Almost everything is in short supply in North Korea --
especially transparency. That's one reason so many longtime Korea
watchers viewed the agreement arising from the Six-Party Talks
earlier this year with such skepticism.
The gladsome news was that North Korea agreed to "provide a complete and correct declaration of all its nuclear programs" by year's end. But this is the same North Korea that agreed to end its nuclear weapons ambitions during the Clinton era and subsequently declared it had done so. Only it hadn't.
North Korea's "data declaration" may come this week. It merits close examination, for it will test both Pyongyang's willingness to abandon its nuclear ambitions, and Washington's resolve to hold the rogue nation to strict verification standards. The latter is critical, because the vague language of the agreement does not clearly delineate North Korea's responsibilities. That opens the door to misinterpretation or deliberate malfeasance by Pyongyang.
U.S. negotiator Christopher Hill insists "nuclear programs" is an all-encompassing term that requires North Korea to provide data on its nuclear weapons. North Korean Kim Gye-gwan disagrees, claiming the North "can't declare nuclear weapons this year, because if we do it at this stage, our nuclear weapons technology level will be revealed." Such "interpretations" do not ease skeptics' anxiety.
Recently suspicions about the firmness of U.S. resolve to confront Pyongyang's abhorrent behavior heightened even more when the Bush administration refused to address congressional concerns about possible Korean initiatives in Syria. Were those Korean-assisted nuclear facilities that Israel bombed there last month?
Perhaps seeking to dispel suspicions of softness, President Bush has now asserted Pyongyang must disclose all of its past proliferation activity in the declaration. Certainly this is not spelled out in the agreement, but here's hoping we will hold North Korea to this higher standard.
Verification, of course, is the key to ensuring Korean compliance. Pyongyang's violation of four previous nuclear agreements and its refusal to allow international inspectors to visit two suspect sites in 1992 makes such a requirement inviolable. Quite simply, without verification, there should be no agreement. That the United States is preparing to accept a data declaration without first insisting on an extensively detailed verification protocol is extremely troubling.
U.S. National Technical Means, including imagery satellites, are useful, but no substitute for on-site inspections. Classified collection systems can alert us to suspicious activity, but suspicions can only be conclusively resolved by inspectors on the ground.
The U.S. could enter into arms control treaties with the Soviet Union confidently only because Washington insisted on effective verification. "Trust but verify" was the strategy then, and Bush administration should accept nothing less now.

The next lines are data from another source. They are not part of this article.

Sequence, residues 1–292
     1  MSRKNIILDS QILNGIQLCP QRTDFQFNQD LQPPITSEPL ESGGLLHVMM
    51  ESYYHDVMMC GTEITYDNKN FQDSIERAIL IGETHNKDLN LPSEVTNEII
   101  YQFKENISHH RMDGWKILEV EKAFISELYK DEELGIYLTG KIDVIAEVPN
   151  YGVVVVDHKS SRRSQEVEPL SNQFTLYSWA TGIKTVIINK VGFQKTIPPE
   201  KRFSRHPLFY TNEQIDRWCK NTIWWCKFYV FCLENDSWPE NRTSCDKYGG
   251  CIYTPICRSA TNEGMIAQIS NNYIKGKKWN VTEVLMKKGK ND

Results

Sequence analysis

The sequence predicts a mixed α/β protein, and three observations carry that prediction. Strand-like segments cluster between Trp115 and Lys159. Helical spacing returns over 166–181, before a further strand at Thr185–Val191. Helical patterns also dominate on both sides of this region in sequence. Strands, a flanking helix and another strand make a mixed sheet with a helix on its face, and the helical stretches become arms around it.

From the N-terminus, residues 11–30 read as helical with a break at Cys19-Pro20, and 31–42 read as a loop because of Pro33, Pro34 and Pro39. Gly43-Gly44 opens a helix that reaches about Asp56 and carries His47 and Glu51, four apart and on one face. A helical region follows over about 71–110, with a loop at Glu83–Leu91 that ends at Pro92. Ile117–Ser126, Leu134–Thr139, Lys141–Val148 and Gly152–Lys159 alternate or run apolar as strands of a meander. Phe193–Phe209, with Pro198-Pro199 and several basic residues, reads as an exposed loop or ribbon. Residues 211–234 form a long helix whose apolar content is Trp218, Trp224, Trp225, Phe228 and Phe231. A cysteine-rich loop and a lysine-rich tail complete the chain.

The agreements penned earlier this year don't contain the provisions to ensure North Korea honors its pledge to denuclearize fully. The U.S. must move quickly to insist on a clear delineation of data and a vigorous verification regime before the data declaration occurs. North Korea should be required to reveal the number, type and location of its nuclear weapons; the extent of its uranium-based nuclear weapons facilities and equipment; and its nuclear proliferation activities with Syria, Iran, Libya and the A.Q. Khan network.
An effective verification regime would include details such as the annual number of inspections, the technical inspection equipment allowed, and a requirement that inspectors be transported expeditiously to desired sites. Most importantly, the United States must get Pyongyang's commitment to allow short-notice "challenge" inspections of suspect sites.
The Bush administration's coyness about possible Korean nuclear cooperation with Syria raises suspicions it may be willing to sacrifice principles and international treaty commitments to maintain momentum in the Six-Party Talks. And in Asia, rumors that Washington has promised to remove Pyongyang from the list of terrorist states -- without first getting the promised resolution of the Japanese abduction issue -- risks straining relations with a key U.S. ally.
If the administration hopes to secure sufficient congressional and public support to continue the nuclear negotiations, it should stop stonewalling and provide an assessment of North Korea's nuclear and missile proliferation in congressional hearings -- both open and closed. And in future negotiations with North Korea, the U.S. must insist upon text that clearly (1) delineates the requirements placed on all sides and (2) defines the linkage between the denuclearization steps to be taken by North Korea and the economic and diplomatic benefits it will reap in return.
The Six-Party process to "denuclearize" North Korea cannot succeed, and will fuel only more skepticism and discord, until such time as both Pyongyang and Washington are more forthcoming in their actions and more precise in their words.
Bruce Klingner is senior research fellow for Northeast Asia in the Asian Studies Center at the Heritage Foundation (heritage.org).
First appeared in the Washington Times